The exact origins of fruit preserves, jelly, and jam remain shrouded in historical hearsay. Most likely invented in the cane sugar-rich lands of what is now the Middle East, the sweetened fruit spreads we're familiar with today made the trip to Europe in the saddlebags of returning Crusaders, and by the mid-16th century the wealthy and powerful in France and Britain alike were spreading marmalade at will over their ye olde whole grain bread. The International Jelly and Preserves Association asserts that preserves are a kingly luxury, a favorite dessert of King Louis XIV, and who are we to disagree with them?

But now, after centuries of mass market capitalism, fruit spreads have become a thing both vulgar and silly. Either banished to sad 10 cent packets of sickly-sweet goo or bloated into "handcrafted" vanilla bean foodie caricature, the jam you'll find in the Marketplace of Today is a mockery of its fine and upstanding lineage.

Which is why you need to break out the cookware and make some for yourself. Making your own raspberry jam is a quick and easy pleasure—an exercise in breakfastly self-determination.

[Note: this recipe calls for raspberries, but just about any berry could be substituted in, depending on your tastes and what produce is available.]

To do this you'll need a 12 inch saucepan, a large spoon, some measuring cups, mixing bowl, and (yes) a mason jar with a proper seal.

You'll also need ingredients, so get thee to a grocery and pick up:

  • 3 cups of raspberries
  • 1 tablespoon fresh lemon juice
  • 5 teaspoons pectin (Sure-Jell seems to work best)
  • 1/2 teaspoon margarine or butter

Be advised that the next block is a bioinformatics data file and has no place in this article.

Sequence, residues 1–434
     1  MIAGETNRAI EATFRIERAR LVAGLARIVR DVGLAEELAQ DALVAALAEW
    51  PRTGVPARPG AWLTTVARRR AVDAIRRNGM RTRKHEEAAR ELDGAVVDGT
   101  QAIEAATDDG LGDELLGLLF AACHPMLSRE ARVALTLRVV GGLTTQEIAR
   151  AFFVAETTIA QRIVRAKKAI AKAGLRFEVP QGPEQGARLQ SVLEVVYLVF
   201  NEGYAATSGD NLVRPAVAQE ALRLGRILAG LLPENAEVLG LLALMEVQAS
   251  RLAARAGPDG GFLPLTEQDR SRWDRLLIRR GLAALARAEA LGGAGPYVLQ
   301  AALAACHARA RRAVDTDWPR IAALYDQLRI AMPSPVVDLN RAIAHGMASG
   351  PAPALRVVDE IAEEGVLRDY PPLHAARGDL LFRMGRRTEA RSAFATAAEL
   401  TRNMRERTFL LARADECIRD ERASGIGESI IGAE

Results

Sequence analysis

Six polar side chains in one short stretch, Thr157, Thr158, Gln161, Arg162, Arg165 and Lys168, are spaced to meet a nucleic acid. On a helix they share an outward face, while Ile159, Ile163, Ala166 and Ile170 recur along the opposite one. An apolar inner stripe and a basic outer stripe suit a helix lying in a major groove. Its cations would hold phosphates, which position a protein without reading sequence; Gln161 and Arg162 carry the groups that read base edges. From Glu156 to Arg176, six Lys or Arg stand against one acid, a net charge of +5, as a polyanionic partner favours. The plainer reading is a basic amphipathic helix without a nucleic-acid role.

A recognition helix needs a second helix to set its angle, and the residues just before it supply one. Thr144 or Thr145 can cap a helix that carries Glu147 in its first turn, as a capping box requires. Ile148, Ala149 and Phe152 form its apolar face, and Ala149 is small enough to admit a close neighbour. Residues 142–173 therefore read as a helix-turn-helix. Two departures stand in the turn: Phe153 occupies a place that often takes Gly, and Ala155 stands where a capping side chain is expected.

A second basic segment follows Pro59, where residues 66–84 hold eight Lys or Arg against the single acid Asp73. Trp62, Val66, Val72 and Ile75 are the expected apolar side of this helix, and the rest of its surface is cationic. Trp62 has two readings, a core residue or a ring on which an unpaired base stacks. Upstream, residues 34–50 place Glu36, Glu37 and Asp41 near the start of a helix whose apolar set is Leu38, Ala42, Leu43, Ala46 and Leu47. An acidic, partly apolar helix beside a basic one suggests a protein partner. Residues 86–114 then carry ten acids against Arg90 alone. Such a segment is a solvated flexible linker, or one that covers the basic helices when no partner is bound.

• 1 1/4 cups sugar

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(Scott Heins/Gothamist)

With the ingredients measured, set the saucepan on the stove at medium heat. Add the raspberries, lemon juice, pectin, and butter. Stir the entire pan briefly and then begin mashing the berries with your large spoon (a potato masher works even better for this) and work toward an even, thick consistency. Bring the mashed mixture to a boil for one minute.

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(Scott Heins/Gothamist)

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(Scott Heins/Gothamist)

Now, stir in the stir in the sugar and bring the mixture back to a boil. If you're thinking "huh, this is stupefyingly simple" you're correct. Jam is the easiest of homemade cooking projects and that's exactly why you should always make it yourself.

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(Scott Heins/Gothamist)

You can experiment with letting the mix boil longer and reducing toward a stronger raspberry flavor, but once the sugar has been added all that's really needed is another 3 minutes of boiling. Remove the soon-to-be jam from the pan and place it in a mixing bowl to cool for at least 15 minutes.

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(Scott Heins/Gothamist)

After the quarter hour has passed, pour the jam into a 1 pint mason jar. Use a spoon to correct any spillage that might occur and be careful, as it's probably still a bit hot. Seal the jar tightly with its metal lid and put it in the freezer to sit for at least 8 hours. The jam will thicken as it chills and the longer you leave it on ice, the better it will be once you open it up for some quality toast TLC.

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(Scott Heins/Gothamist)

When you do open up your jar(s) you'll find this recipe is evenly sweet and tart and packs a great seedy texture that gets lost when you pureé berries. Put it on just about anything and it'll taste better, but most importantly you'll be enjoying your own culinary work at a time when too many of our food needs are handled by persons elsewhere and unknown.

Smuckers makes over $600 million in a year. Big jam giants don't need your hard-earned dough, and there's nothing like savoring the delicious fruits of your own kitchen labors. Before the winter comes and good berries are impossible to find, resist the urge buy grocery jam (no matter how twee the packaging) and make the good stuff for yourself.